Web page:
Zitate von Ferdinand de Saussure

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Ferdinand de Saussure

Geburtstag: 26. November 1857
Todesdatum: 22. Februar 1913

Ferdinand de Saussure war ein Schweizer Sprachwissenschaftler. Er hat insbesondere den Strukturalismus und die Semiotik nachhaltig geprägt.

Werk

Zitate Ferdinand de Saussure

„Es es ist oft leichter, eine Wahrheit zu entdecken, als ihr den gehörigen Platz anzuweisen.“

—  Ferdinand de Saussure, buch Cours de linguistique générale

Grundfragen der allgemeinen Sprachwissenschaft, Walter de Gruyter & Co, Berlin 1967, S. 79
"il est souvent plus aisé de découvrir une vérité que de lui assigner la place qui lui revient."

„Speech has both an individual and a social side, and we cannot conceive of one without the other.“

—  Ferdinand de Saussure, buch Cours de linguistique générale

Quelle: Cours de linguistique générale (1916), p. 9

„Language is a system of signs that express ideas, and is therefore comparable to a system of writing, the alphabet of deaf-mutes, symbolic rites, polite formulas, military signals, etc. But it is the most important of all these systems.“

—  Ferdinand de Saussure, buch Cours de linguistique générale

Quelle: Cours de linguistique générale (1916), p. 16 ; Partly cited in; Geza Revesz, The Origins and Prehistory of Language, London 1956. p. 126

„Time changes all things; there is no reason why language should escape this universal law.“

—  Ferdinand de Saussure, buch Cours de linguistique générale

Quelle: Cours de linguistique générale (1916), p. 77
Kontext: The causes of continuity are a priori within the scope of the observer, but the causes of change in time are not. It is better not to attempt giving an exact account at this point, but to restrict discussion to the shifting of relationships in general. Time changes all things; there is no reason why language should escape this universal law.

„The characteristic role of language with respect to thought is not to create a material phonic means for expressing ideas but to serve as a link between thought and sound,“

—  Ferdinand de Saussure, buch Cours de linguistique générale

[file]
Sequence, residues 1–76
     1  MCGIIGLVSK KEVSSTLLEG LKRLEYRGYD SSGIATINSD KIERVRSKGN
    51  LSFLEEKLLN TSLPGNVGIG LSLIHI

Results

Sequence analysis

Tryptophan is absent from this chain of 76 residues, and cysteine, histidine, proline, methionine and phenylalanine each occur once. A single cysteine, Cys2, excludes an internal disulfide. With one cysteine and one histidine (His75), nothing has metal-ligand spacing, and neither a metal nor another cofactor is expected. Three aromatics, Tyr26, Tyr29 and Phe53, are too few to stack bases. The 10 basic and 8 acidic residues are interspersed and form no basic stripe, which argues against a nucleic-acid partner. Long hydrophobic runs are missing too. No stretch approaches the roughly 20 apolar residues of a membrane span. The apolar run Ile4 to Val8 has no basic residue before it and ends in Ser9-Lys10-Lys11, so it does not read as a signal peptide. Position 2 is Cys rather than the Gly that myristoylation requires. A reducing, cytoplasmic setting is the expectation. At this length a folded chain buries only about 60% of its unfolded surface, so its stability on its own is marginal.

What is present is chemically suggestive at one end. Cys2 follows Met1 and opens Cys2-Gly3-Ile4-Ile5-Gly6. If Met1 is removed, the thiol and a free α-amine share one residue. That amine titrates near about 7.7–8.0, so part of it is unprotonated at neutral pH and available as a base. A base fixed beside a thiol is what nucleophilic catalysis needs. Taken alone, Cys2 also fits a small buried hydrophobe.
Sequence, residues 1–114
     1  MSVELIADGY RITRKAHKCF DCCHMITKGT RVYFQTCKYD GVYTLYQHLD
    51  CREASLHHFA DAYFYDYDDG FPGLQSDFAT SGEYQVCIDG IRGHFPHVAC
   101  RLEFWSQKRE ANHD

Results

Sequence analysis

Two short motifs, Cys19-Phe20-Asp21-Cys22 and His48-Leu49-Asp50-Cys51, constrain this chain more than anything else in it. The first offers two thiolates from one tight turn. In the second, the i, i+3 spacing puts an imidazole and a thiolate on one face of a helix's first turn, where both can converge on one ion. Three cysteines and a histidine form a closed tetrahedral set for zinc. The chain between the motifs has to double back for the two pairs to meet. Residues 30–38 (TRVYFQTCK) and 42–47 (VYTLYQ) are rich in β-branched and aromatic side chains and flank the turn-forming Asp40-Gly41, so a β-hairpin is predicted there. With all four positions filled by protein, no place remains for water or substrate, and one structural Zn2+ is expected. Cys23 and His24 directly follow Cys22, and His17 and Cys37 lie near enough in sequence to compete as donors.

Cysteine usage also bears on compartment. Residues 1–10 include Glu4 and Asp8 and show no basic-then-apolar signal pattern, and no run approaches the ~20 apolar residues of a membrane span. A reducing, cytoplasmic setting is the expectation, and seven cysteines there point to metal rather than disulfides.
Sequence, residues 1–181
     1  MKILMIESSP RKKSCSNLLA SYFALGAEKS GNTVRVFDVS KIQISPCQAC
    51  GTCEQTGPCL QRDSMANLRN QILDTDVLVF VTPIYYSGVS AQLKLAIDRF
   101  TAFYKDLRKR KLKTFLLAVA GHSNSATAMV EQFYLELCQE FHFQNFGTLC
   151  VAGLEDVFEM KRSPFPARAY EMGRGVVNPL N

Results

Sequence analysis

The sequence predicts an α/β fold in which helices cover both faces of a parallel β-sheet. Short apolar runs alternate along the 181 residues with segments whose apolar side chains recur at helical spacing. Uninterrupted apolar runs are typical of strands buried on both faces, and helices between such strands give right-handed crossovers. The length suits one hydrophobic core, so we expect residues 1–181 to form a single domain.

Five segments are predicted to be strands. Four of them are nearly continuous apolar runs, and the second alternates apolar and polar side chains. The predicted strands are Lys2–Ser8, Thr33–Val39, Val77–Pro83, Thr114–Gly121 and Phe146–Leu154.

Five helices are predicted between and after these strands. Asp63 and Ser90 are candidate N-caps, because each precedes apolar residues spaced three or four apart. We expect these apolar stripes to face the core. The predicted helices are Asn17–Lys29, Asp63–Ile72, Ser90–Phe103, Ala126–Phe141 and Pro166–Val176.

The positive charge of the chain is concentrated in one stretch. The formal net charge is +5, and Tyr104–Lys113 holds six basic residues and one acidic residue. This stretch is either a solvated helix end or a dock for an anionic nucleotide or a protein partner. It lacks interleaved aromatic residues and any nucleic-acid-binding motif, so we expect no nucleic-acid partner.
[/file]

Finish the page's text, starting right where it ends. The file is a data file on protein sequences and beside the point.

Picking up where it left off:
Quelle: Cours de linguistique générale (1916), p. 112
Kontext: The characteristic role of language with respect to thought is not to create a material phonic means for expressing ideas but to serve as a link between thought and sound, under conditions that of necessity bring about the reciprocal delimitations of units. Thought, chaotic by nature, has to become ordered in the process of its decomposition. Neither are thoughts given material form nor are sounds transformed into mental entities; the somewhat mysterious fact is rather that "thought-sound" implies division, and that language works out its units while taking shape between two shapeless masses. Visualize the air in contact with a sheet of water; if the atmospheric pressure changes, the surface of the water will be broken up into a series of divisions, waves; the waves resemble the union or coupling of thought with phonic substance.

„Without language, thought is a vague, uncharted nebula.“

—  Ferdinand de Saussure, buch Cours de linguistique générale

Quelle: Cours de linguistique générale (1916), p. 111-112
Quelle: Course in General Linguistics
Kontext: Psychologically our thought-apart from its expression in words-is only a shapeless and indistinct mass. Philosophers and linguists have always agreed in recognizing that without the help of signs we would be unable to make a clear-cut, consistent distinction between two ideas. Without language, thought is a vague, uncharted nebula. here are no pre-existing ideas, and nothing is distinct before the appearance of language.

„Psychologically our thought-apart from its expression in words-is only a shapeless and indistinct mass.“

—  Ferdinand de Saussure, buch Cours de linguistique générale

Quelle: Cours de linguistique générale (1916), p. 111-112
Quelle: Course in General Linguistics
Kontext: Psychologically our thought-apart from its expression in words-is only a shapeless and indistinct mass. Philosophers and linguists have always agreed in recognizing that without the help of signs we would be unable to make a clear-cut, consistent distinction between two ideas. Without language, thought is a vague, uncharted nebula. here are no pre-existing ideas, and nothing is distinct before the appearance of language.

„Language is a system whose parts can and must all be considered in their synchronic solidarity.“

—  Ferdinand de Saussure, buch Cours de linguistique générale

La langue est un systéme dont toutes les parties peuvent et doivent être considérés dans leur solidarité synchronique.
Quelle: Cours de linguistique générale (1916), p. 87 (1916, p. 124; Part 1, Ch. 3, sec. 3.)

„Writing obscures language; it is not a guise for language but a disguise.“

—  Ferdinand de Saussure, buch Cours de linguistique générale

Quelle: Cours de linguistique générale (1916), p. 31

„Language can be compared to a sheet of paper: thought is its recto and sound its verso: one cannot cut the verso without simultaneously cutting the recto.“

—  Ferdinand de Saussure, buch Cours de linguistique générale

Similarly, in the matter of language, one can separate neither sound from thought nor thought from sound; such separation could be achieved only by abstraction, which would lead either to pure psychology, or to pure phonology.
Quelle: Cours de linguistique générale (1916), p. 157; as cited in: Schaff (1962:11)

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